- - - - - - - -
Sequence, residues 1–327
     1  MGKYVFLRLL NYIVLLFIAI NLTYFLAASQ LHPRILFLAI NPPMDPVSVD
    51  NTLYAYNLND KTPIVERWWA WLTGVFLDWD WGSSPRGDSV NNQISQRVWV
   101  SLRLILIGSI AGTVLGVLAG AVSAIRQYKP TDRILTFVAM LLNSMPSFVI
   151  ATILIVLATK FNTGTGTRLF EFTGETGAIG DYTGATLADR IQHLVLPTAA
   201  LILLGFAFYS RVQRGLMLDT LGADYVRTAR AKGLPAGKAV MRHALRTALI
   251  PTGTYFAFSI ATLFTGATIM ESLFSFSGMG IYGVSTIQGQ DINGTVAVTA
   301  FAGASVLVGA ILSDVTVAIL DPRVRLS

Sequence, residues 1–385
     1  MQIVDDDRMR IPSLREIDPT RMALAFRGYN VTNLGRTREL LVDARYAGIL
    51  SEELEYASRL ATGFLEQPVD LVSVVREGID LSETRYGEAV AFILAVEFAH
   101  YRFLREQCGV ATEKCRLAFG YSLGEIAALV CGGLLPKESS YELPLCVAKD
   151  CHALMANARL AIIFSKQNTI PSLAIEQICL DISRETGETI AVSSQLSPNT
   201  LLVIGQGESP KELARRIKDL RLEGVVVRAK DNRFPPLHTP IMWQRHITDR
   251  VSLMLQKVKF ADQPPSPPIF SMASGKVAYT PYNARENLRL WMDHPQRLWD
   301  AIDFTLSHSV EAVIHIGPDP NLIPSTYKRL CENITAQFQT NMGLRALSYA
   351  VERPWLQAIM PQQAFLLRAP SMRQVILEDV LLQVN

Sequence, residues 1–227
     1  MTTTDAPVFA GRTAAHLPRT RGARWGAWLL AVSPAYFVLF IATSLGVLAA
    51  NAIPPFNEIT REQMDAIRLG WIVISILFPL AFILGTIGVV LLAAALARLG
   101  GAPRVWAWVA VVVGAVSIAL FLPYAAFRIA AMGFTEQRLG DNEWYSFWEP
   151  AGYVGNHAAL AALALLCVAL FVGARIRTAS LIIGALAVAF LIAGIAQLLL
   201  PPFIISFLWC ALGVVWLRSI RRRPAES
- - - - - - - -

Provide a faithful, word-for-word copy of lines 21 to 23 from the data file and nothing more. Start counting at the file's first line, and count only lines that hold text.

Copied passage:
   101  GAPRVWAWVA VVVGAVSIAL FLPYAAFRIA AMGFTEQRLG DNEWYSFWEP
   151  AGYVGNHAAL AALALLCVAL FVGARIRTAS LIIGALAVAF LIAGIAQLLL
   201  PPFIISFLWC ALGVVWLRSI RRRPAES